I came across this post I wrote on my old blog over two years ago. It is very interesting how there are some things that have stayed the same, but there is still a lot that has changed. While many things have happened since then; I obviously had my second baby (and I was pregnant with him when I wrote this), I have matched to a residency specialty that I wanted, my relationship with my “role model” has evolved immensely, and I don’t feel nearly as “tied down” as I did. However, I don’t think I am completely done with all those insecurities. Hopefully, I will continue to make progress on this endeavor as I continue into the next chapter of my life…
As I venture farther into this busy and rather complicated life that I’ve laid out for myself, I’ve been finding it increasingly difficult to remain positive, to feel confident, to feel like I deserve what I’ve accomplished, and to feel like I will ever finish what I’ve set out to do. I might be able to blame it on third trimester trials and tribulations, such as: feeling increasingly tired and uncomfortable, spending more time relaxing and recovering from the day than actually studying or contributing to my education, or the recent lack of “playing” my very energetic son. But the truth is, these feelings have really been haunting the depth of my being for some time. It just so happens that they come out and show their ugliness at my most trying of times. I’m sure if I think back to other moments in my life where I’ve felt a little overwhelmed, the same doubts and negativity have surfaced. Despite the appearance of all this negativity at various times throughout my life, I have made it to where I am today… I’ve accomplished everything I’ve set out to do (maybe not exactly how I planned it), the results have not been horrible or scary, and I’ve survived to tell about it…
“The Elephant Truly Never Forgets”
The first trick an elephant trainer teaches an elephant is not to escape. When the elephant is still but a baby, the trainer chains the infant’s leg to a huge log, so when/if the elephant tries to escape, the log proves stronger and he gives up. Eventually the elephant becomes so used to its captivity, that even when it has grown huge and strong, all the trainer has to do is merely tie the chain around the elephant’s leg to anything—even a tiny little twig—and the elephant won’t even try to escape.
It has become a prisoner of its past.
I’m not sure why this little story stuck out amongst all the other things in the 200-odd pages in the book. Maybe because I love elephants – they are one of my favorite animals, or maybe because it really hit home in some way. Why do I love elephants? Well, I think their size is amazing, the environments they live in can be hash and demanding, and they just *seem* to be so strong and wise. More importantly, why did this story hit home? Probably because these feelings that surface throughout life are exactly like the log/twig that the elephant gets chained to: They must have become attached to me sometime in my past, and at that time they must have been big, debilitating, and they must have held me back in some way. But now, they are nothing, they are insignificant, and all they do is hold me back in ways that I shouldn’t allow. They are so small and insignificant that I can’t even remember where they came from or why they exist. I have no evidence to suggest that they belong chained to my legs, my arms, or my soul. But there they are, holding me back at times when I need to push through – when a little extra confidence would make a huge difference. Most of all, they dampen the positive outcomes of my efforts; because, at the end of the day, when I do make it though the tough times (like I always do), it doesn’t feel as satisfying as it should (or as it deserves to). Rather, there is always a sense of doubt, of wrongdoing or failure in some way – like I somehow “winged it” or that a mistake was made somewhere along the line – like I didn’t actually deserve to make it through.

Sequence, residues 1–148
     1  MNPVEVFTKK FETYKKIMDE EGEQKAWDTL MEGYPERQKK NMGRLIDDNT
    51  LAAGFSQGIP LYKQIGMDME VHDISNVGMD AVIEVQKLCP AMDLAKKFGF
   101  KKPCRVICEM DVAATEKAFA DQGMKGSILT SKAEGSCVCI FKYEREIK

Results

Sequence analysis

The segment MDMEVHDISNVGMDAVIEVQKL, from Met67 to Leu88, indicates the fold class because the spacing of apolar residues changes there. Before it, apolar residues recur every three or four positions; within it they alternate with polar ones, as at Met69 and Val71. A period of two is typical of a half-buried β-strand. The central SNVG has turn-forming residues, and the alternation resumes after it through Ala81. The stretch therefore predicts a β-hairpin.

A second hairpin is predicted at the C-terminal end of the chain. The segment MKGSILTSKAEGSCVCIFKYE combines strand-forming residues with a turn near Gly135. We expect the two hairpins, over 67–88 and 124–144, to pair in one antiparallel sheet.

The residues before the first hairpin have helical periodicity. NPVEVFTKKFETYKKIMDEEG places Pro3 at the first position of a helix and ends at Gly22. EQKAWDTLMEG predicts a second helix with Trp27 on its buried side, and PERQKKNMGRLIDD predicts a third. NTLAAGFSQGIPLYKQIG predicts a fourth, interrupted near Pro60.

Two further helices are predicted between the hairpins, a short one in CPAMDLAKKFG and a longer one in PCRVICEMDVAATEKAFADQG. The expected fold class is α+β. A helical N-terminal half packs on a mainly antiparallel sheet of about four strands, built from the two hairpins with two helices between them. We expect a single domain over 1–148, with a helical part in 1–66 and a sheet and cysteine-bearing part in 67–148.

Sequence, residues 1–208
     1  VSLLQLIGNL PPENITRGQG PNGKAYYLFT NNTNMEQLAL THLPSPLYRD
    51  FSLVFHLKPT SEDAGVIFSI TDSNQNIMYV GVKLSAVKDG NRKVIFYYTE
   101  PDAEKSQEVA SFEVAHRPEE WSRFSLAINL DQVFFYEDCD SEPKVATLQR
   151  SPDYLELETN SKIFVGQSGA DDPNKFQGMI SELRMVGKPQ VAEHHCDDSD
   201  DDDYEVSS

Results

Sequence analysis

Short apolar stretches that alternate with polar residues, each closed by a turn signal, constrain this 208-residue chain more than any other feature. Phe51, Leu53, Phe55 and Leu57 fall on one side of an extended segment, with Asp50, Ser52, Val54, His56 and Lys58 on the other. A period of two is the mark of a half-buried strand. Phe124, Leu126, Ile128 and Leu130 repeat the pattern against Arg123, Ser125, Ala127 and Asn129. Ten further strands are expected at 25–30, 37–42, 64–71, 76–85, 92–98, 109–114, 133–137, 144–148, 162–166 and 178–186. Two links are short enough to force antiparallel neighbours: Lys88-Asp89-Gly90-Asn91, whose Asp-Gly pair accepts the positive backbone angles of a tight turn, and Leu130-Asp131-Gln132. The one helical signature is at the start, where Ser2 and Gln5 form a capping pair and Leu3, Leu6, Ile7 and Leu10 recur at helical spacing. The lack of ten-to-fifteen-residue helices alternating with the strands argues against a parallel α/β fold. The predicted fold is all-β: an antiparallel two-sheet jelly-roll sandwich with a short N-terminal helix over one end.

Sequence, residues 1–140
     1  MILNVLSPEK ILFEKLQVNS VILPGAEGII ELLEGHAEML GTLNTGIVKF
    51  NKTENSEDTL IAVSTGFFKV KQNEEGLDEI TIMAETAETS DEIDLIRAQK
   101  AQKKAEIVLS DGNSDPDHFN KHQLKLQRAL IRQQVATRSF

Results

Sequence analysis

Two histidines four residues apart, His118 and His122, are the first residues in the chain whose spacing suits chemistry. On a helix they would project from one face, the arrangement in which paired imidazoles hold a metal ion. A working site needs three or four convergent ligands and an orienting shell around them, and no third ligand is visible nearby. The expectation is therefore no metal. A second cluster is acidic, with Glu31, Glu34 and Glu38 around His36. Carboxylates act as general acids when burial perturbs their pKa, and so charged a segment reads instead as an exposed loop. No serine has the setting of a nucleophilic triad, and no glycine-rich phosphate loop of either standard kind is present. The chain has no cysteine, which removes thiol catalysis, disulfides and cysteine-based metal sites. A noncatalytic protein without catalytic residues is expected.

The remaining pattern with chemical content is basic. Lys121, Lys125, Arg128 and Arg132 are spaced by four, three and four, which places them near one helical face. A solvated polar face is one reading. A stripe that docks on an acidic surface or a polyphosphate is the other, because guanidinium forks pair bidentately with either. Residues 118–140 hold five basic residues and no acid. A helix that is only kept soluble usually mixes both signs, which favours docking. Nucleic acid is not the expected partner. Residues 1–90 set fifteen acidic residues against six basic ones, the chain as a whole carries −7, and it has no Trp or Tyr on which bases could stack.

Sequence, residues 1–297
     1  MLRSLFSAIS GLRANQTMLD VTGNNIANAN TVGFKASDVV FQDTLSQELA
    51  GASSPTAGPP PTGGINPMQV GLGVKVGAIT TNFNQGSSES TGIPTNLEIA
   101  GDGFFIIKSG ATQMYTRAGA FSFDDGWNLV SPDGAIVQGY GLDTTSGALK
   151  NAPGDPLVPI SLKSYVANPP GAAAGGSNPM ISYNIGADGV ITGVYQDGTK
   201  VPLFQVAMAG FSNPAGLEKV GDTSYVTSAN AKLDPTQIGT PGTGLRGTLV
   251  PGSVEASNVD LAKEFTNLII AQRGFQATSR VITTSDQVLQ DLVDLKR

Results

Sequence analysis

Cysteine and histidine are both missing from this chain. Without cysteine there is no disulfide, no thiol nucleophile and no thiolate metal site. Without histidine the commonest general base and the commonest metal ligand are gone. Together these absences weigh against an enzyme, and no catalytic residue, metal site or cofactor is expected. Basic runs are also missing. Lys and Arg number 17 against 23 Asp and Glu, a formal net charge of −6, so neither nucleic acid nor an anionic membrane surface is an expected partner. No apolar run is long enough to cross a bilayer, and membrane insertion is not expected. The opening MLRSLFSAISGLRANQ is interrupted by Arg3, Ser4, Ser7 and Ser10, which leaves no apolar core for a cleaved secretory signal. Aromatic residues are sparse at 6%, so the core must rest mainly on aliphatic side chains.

Interesting, the logical part of my brain says this isn’t true – probably in every instance. After all, not everyone gets into Law School like Elle Woods… you do have to work hard and have accomplishments to make it to were you want to go. Unfortunately, the emotional part of me has a hard time believing the logic behind this. After reading this little story about the elephant and thinking about it for a few days, I’ve realized that I am probably sabotaging myself – I am my own elephant trainer and I am placing these stupid chains and twigs on myself. I just have to figure out how to get rid of them, how to leave them behind and make sure they never come back. I’m sure that is the hardest part of the whole situation because if it was easy, I wouldn’t have to think about it – it would just happen. I think up until now I’ve been going through life dragging these “twigs” around and it’s been exhausting. Although they haven’t been completely holding me back, they’ve certainly been making life just a little more difficult. My task now is to find a metaphorical way of removing them and losing them – making sure they just disappear and are never seen again. Hopefully I can accomplish this sooner than later, and when it does happen (I’ll make sure it does, one day), I will bask and revel in the wondrous feeling of true accomplishment – no strings (or twigs) attached!